When it comes to creating value for shareholders, one move a chief executive officer can make is to quit. Shareholders applauded two high-profile CEO departures at big public companies this week: Ally Financial and Petrobras, Brazil’s state-controlled energy giant. Ousters at McDonald’s recently and Microsoft in 2013 earned similarly positive reactions. Though each case is unique, the common thread seems to be relief after a leader becomes entrenched and inflexible.

Jan 29, 2015
via Breakingviews

Rob Cox: Podemos can improve Spanish capitalism

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By Rob Cox

The author is a Reuters Breakingviews columnist. The opinions expressed are his own.

At the end of October, one of the most widely anticipated stock market debuts in Europe ground to a halt. The initial public offering of 49 percent of Spain’s Aena, the $9 billion operator of airports in Madrid, Barcelona and 40 other cities, was abruptly postponed.

Jan 23, 2015
via Breakingviews

Italy gets its mojo back – at least in Davos

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By Rob Cox

The author is a Reuters Breakingviews columnist. The opinions expressed are his own. 

For the first time in recent memory, the World Economic Forum has a distinctly Italian accent. After keeping a lower profile of late as its economy – once larger than Britain’s – contracted, the actual sick man of Europe struck “la bella figura” at the annual gathering of plutocrats in Davos, Switzerland. Prime Minister Matteo Renzi’s disruptive style has put a spring in the step of Italy’s business leaders. Real reform, however, is only just beginning.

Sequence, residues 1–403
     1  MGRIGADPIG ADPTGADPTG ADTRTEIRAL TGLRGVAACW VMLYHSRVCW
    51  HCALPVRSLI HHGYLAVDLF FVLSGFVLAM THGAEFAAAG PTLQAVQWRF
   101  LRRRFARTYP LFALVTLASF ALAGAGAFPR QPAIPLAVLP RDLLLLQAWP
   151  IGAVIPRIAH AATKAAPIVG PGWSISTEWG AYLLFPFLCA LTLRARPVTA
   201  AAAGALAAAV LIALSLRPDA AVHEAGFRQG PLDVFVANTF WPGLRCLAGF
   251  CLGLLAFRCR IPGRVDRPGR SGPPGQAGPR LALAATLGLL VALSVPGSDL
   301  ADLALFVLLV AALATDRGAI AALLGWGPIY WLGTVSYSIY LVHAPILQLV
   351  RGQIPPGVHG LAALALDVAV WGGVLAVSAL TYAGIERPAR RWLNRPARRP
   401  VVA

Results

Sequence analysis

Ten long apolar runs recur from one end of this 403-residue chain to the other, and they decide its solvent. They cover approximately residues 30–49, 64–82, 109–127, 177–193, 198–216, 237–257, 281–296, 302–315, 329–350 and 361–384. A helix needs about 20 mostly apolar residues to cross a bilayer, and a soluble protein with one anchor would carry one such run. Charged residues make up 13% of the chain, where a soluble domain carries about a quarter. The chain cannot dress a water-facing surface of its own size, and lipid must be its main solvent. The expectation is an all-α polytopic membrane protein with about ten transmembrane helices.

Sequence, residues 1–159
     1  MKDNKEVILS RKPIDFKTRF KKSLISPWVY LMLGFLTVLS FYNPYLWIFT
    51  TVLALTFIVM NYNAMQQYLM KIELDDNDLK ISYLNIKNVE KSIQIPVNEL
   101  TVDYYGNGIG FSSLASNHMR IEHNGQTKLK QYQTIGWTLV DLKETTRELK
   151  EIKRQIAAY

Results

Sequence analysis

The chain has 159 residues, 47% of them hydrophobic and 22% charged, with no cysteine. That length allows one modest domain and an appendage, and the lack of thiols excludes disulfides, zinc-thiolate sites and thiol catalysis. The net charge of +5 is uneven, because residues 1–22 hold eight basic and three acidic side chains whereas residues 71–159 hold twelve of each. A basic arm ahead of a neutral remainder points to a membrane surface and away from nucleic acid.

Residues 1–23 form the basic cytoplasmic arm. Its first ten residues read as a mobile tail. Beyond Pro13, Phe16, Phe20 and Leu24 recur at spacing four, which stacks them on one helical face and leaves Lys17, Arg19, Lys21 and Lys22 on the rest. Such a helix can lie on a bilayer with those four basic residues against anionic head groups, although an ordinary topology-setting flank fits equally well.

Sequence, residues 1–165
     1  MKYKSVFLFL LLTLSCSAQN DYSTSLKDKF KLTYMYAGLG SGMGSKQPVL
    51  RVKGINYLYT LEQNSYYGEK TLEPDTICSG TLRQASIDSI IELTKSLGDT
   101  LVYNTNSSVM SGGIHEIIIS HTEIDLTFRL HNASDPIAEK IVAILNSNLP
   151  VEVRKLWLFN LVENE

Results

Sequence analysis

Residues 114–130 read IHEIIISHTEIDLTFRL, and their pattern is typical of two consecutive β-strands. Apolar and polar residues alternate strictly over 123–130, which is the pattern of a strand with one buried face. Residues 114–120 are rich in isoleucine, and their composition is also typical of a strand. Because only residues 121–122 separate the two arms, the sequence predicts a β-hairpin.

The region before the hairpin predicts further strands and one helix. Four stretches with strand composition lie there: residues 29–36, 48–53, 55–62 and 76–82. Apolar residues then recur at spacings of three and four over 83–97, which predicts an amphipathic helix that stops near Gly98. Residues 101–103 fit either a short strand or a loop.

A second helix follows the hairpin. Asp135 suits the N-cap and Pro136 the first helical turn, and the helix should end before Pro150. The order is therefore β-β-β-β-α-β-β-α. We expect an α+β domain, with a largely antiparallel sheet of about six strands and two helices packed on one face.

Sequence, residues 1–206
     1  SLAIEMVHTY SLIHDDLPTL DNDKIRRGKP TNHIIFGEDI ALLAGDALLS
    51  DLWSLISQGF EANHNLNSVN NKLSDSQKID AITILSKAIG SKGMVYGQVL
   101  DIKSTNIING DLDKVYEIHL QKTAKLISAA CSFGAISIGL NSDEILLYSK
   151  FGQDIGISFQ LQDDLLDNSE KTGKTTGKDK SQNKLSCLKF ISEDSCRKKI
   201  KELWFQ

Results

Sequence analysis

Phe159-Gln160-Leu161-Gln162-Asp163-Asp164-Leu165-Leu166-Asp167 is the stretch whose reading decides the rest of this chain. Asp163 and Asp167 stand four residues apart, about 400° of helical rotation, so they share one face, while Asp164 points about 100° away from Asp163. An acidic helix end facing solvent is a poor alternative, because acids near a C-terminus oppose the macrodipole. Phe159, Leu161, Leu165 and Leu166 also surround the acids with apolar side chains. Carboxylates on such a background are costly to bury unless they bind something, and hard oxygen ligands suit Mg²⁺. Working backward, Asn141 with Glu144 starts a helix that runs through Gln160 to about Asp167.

Jan 23, 2015
via Breakingviews

Italy gets its mojo back – at least in Davos

Photo

By Rob Cox

The author is a Reuters Breakingviews columnist. The opinions expressed are his own. 

For the first time in recent memory, the World Economic Forum has a distinctly Italian accent. After keeping a lower profile of late as its economy – once larger than Britain’s – contracted, the actual sick man of Europe struck “la bella figura” at the annual gathering of plutocrats in Davos, Switzerland. Prime Minister Matteo Renzi’s disruptive style has put a spring in the step of Italy’s business leaders. Real reform, however, is only just beginning.

Jan 21, 2015
via Breakingviews

Rob Cox: Davos badly needs a Henry Ford moment

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By Rob Cox

The author is a Reuters Breakingviews columnist. The opinions expressed are his own.

It’s hard to know what Henry Ford would make of the World Economic Forum, the annual gathering of the Capital Class in Davos, Switzerland. He’d certainly not like the preponderance of Audis on the icy roads. But the Ford Motor Co founder would probably approve of two talking points that will course through conversations among this year’s assembly of plutocrats: paying employees more and taxing them less.

    • About Rob

      "Rob Cox helped establish Breakingviews in 2000 in London. From 2004 he spearheaded the firm's expansion in the United States and edited its American edition, including the daily Breakingviews columns in the New York Times and Wall Street Journal. Rob has worked as a financial journalist in London, Milan, New York, Washington, Chicago and Tokyo. Rob graduated from Columbia University’s Journalism School and the University of Vermont. Follow Rob on Twitter @rob1cox"